In an interview with The New York Times, Rob Lowe was asked for his political beliefs: “My thing is personal freedoms, freedoms for the individual to love whom they want, do with what they want. In fact, I want the government out of almost everything.”
Save the "almost" for drugs, which Lowe knows about. He doesn't like the blue-state trend of letting “my 18-year-old – any 18-year-old – to go and buy pot like he’s buying a Pepsi-Cola.” Yes, liberals seem tougher on Pepsi.
Pop star Lady Gaga’s third album “Artpop” debuted November 2013, but her song “G.U.Y.” caught attention this week for making Billboard's top 100, and the music video is boasting over 30 million views. The video features Hearst Castle, the “Real Housewives of Beverly Hills,” and (of course) sex – but to really spice things up, Lady Gaga resurrects Jesus, Gandhi and Michael Jackson to create a clone army.
In 2003, future U.S. senator Al Franken trashed conservatives in his book "Lies and the Lying Liars Who Tell Them." This past Wednesday on the lefty website AlterNet, blogger Amanda Marcotte posted a brief, unofficial follow-up to Franken's work in which she detailed "5 Things Conservatives Lie Shamelessly About."
"Conservatives have figured out a neat little rhetorical trick," claimed Marcotte, a regular at The Daily Beast and Slate. "One lie is easy for your opponents to debunk. Tell one lie after another, however, and your opponent’s debunkings will never catch up. By the time the liberal opposition has debunked one lie, there’s a dozen more to take its place."
Sean Penn usually throws punches at paparazzi, but Kevin Spacey may want to watch for him on the Red Carpet, even though they've starred together in "Hurlyburly."
On his blog, Kevin Spacey expressed fervent support for the opposition protesters to Venezuelan president Maduro, the successor of Penn's favorite dictator, Hugo Chavez. Spacey met for three hours with Chavez in Caracas 2007.
Adam Carolla knows it's no accident entertainment scribes bring up his "right wing" politics at every turn.
The podcast king called out biased entertainment reports during a feisty Q&A with RollingStone.com. The interviewer stirred the pot by asking if Carolla got flak from his Hollywood pals for appearing on The O'Reilly Factor, the highly rated pundit show on Fox News.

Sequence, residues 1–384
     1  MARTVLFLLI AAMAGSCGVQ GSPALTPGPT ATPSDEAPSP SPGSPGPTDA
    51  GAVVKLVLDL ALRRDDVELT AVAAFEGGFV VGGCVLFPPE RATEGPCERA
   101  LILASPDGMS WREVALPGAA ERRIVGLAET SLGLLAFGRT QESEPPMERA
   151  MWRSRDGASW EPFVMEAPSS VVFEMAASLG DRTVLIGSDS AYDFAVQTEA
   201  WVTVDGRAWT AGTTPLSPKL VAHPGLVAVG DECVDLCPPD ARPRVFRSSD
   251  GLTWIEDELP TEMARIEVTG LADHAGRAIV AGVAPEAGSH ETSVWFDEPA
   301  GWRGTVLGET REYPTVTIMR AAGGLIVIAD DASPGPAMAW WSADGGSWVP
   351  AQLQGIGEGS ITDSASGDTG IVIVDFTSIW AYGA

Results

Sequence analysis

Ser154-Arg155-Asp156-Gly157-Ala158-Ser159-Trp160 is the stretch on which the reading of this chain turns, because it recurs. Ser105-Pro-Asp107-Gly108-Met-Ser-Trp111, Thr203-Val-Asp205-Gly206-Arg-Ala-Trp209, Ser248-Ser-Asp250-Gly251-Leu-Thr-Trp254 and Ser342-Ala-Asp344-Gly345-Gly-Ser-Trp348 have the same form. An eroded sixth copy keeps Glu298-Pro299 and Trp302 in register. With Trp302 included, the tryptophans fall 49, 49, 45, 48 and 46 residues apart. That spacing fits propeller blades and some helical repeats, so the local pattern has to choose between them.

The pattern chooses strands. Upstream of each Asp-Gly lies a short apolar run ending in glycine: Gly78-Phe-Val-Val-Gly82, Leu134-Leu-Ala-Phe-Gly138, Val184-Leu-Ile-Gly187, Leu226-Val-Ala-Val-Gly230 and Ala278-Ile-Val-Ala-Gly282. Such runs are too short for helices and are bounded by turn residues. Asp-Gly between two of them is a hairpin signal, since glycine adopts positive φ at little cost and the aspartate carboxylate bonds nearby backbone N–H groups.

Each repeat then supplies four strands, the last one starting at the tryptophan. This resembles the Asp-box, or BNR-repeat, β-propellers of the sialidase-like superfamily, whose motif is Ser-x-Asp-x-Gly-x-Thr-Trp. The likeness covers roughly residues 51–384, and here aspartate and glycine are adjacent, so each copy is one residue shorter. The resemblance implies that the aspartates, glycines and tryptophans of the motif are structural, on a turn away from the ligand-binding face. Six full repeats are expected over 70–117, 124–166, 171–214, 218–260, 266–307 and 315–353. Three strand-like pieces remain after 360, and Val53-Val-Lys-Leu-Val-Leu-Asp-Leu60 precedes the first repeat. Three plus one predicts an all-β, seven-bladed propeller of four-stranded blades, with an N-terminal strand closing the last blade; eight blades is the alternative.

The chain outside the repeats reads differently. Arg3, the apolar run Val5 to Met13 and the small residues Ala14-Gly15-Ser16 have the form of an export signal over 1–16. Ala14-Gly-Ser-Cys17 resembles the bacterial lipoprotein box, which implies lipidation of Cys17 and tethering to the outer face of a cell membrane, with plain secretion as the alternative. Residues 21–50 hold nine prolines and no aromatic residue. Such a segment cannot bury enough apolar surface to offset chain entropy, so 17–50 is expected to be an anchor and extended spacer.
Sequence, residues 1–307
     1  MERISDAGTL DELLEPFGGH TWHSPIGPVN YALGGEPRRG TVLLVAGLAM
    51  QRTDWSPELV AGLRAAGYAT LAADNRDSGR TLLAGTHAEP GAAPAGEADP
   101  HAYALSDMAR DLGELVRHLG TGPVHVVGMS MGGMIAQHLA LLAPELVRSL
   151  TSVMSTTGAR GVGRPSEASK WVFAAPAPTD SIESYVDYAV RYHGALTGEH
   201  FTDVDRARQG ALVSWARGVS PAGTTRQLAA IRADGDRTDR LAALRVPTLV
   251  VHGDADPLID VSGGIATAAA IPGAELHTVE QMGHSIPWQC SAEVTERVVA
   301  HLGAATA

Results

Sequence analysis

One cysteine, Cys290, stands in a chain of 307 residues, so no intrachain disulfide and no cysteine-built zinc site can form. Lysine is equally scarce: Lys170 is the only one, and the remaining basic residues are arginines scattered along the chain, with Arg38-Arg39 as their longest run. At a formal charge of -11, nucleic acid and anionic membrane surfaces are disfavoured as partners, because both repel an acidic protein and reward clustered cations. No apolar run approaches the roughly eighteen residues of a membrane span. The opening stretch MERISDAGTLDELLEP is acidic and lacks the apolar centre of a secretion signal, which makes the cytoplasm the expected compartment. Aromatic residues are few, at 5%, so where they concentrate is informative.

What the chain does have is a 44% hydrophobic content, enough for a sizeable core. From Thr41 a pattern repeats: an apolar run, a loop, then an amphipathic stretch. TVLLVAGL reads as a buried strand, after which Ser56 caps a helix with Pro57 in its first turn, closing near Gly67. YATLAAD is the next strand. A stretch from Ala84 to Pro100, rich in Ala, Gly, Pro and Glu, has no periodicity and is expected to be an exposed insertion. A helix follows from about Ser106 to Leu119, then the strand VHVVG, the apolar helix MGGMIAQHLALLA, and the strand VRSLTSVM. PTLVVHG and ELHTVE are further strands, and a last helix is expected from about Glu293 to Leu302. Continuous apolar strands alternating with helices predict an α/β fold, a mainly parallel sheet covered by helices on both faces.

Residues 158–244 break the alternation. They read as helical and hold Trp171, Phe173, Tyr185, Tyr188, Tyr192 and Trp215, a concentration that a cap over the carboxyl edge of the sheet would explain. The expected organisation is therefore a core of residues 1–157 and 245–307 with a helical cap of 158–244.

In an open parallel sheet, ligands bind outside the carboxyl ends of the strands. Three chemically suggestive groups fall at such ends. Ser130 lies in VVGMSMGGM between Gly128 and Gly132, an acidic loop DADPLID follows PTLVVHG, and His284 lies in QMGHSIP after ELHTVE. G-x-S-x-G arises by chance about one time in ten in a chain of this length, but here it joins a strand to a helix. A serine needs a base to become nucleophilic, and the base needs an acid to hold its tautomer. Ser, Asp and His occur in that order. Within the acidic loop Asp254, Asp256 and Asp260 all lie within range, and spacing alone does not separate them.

Your humble correspondent is a fan of the History Channel show, "Vikings." However, its historical accuracy leaves something to be desired to the extent that a week ago I posted a thread at IMDB, Things I Learned While Watching 'Vikings', which humorously mocked such inaccuracies as well as anachronisms on the show. Along with noticing that Rollo wore L.A. Ink type tattoos, I also took note of a completely unhistorical type of punishment meted out to the apostate monk Athelstan: "The Church punished apostate monks by crucifying them and doing their best to make them appear like Jesus including a crown of thorns and a lance in the side."
As a history buff, I could recall of no instance in which the Church punished apostasy by crucifixion. Well, several websites researched that subject and found it not only to be completely unhistorical but also absurd. A.J. Delgado even contacted a well-known medieval history professor and got this response:
Competition between rivals often brings out the best in both. Think of Bird and Magic, or Lennon and McCartney. In a Tuesday piece for Salon, writer Edward McClelland dared to adapt that principle to the quintessential Cold War foes, the United States and the Soviet Union, contending that American capitalism "never functioned better than when it was forced to compete with [the] rival economic system" in the USSR during the three-plus decades after World War II.